Hamilton Herald Masthead


Front Page - Friday, September 22, 2023

Lookout ascent raises awareness for ACS event

Gala of Hope co-chair Greene takes unique path

As the co-chair of the American Cancer Society’s 2023 Gala of Hope, Scott Greene decided it was up to him to do something different to create awareness of the ACS and its mission to serve local cancer patients. So, he climbed a mountain.

Greene climbed Lookout Mountain, that is. Beginning at 5:30 a.m. on June 25 at the blue lamp post at the corner of Broad Street and St. Elmo Avenue, Greene and his social media chair, Kierstin Murphy of Scout Realtor Group, started a 4.5-mile hike to Pointe Park they dubbed the Step-Up & Look-Out Challenge.

As they ascended, they stopped at Camp Ross, Cravens House and other historical markers and noted their connections to the American Cancer Society. For example, Ruby Falls supplied hospital partners with smoking cessation grants to prevent lung cancer.

Here, Greene discusses the genesis of the Step-Up & Look-Out Challenge and the work the ACS is doing in Chattanooga.

What led you to take on the Step-Up & Look-Out Challenge?

”One of the issues I identified as a co-chair of the Gala of Hope was the lack of local awareness about the impact of the work the American Cancer Society is doing in Chattanooga. People tend to think we funnel the money we receive from donors into an umbrella of global care. I identified it as an opportunity to create more community awareness.”

What are a few of the ways the American Cancer Society is helping to battle cancer locally?

“Writing transportation grants, providing places for patients to stay when they come from out of town, and educating employers, for starters. These things help to contradict the notion that the money doesn’t stay local because it’s a national organization.”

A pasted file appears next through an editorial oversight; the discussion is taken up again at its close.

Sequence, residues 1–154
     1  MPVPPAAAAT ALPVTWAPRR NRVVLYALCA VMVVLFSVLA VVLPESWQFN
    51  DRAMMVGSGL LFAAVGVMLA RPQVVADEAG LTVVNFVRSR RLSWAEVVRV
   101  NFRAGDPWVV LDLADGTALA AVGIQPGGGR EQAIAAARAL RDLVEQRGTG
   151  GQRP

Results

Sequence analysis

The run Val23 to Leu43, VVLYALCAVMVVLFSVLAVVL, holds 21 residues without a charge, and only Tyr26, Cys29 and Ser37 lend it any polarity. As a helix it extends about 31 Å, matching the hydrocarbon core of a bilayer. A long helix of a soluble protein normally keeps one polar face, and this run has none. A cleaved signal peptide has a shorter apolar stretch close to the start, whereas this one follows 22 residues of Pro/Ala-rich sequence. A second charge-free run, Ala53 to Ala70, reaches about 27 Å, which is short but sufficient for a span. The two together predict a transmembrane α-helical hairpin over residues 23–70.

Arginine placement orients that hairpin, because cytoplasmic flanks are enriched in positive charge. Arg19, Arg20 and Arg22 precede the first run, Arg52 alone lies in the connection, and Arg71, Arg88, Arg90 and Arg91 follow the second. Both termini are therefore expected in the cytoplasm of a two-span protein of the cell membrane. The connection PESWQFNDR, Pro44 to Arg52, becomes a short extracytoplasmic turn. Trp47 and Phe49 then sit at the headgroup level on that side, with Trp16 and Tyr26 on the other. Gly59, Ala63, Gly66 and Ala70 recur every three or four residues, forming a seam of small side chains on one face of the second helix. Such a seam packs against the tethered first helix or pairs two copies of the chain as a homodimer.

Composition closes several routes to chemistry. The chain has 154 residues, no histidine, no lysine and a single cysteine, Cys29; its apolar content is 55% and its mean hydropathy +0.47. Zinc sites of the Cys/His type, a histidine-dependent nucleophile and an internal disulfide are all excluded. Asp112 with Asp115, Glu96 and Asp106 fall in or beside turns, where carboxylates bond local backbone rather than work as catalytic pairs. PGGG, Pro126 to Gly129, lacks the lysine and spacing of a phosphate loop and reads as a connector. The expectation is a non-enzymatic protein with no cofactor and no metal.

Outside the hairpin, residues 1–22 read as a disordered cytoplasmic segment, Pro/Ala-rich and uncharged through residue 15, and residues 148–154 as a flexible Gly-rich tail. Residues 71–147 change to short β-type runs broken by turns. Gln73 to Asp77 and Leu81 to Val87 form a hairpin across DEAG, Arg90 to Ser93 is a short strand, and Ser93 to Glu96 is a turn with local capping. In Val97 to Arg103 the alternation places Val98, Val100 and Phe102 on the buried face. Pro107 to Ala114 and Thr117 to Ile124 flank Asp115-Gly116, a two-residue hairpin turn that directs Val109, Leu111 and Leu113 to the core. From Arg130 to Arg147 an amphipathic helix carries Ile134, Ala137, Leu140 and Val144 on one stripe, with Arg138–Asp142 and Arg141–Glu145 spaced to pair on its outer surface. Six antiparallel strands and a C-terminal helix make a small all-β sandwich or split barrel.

Using local landmarks to make that connection was a unique approach to tackling this issue.

“Researching the landmarks was fun. My wife, Rhea, and I recently moved here from Cincinnati, so it was an education on all the things we could do and see on our way to the top of Lookout Mountain.”

Why did you agree to serve as the co-chair for this year’s Gala of Hope?

“My mom died from lung cancer eight years ago. I wanted to show my support for those who are currently in the midst of their battle with cancer, which sparked my idea to highlight the Civil War history on Lookout Mountain. When I reached the top of the mountain, I wanted to look out and remember those who lost their fight.”

You started your trek very early in the morning.

“We didn’t want to deal with a lot of traffic. The first leg was still busy until we took the turn and started walking up the mountain.”

Was Pointe Park open when you reached it?

“It was locked, so I jumped the fence. But it was worth the journey. The sun was beginning to rise and I reflected on my mom and the rest of my family.”

You wore special socks to support a separate effort to battle lung cancer. What inspired that?

“Dr. Rob Headrick, chief of thoracic surgery at CHI Memorial Rees Skillern Cancer Institute, started a program called #sockittolungcancer. You wear these red socks that have an image of a ribbon on them and take pictures of them wherever you are. It’s a national initiative Dr. Headrick started here in Chattanooga.”

Will you do the Step-up & Look-out Challenge again?

“We might do it again next year and make it a community event.”

Tell us about the 2023 Gala of Hope.

“It will be a black-tie masquerade event. We’re going to honor Dr. Hedrick and three other honorees who will tell their stories. However, we’re sold out.”

What should people keep in mind in the weeks leading up to the event?

“All donations will go toward lung cancer research, including local resources for patients in need. ACS has made great strides toward a cure but we have a long way to go. We hope people will consider making a donation at www.galaofhopechatt.org as we come together to make a difference in the lives of cancer patients and their families here in our community.”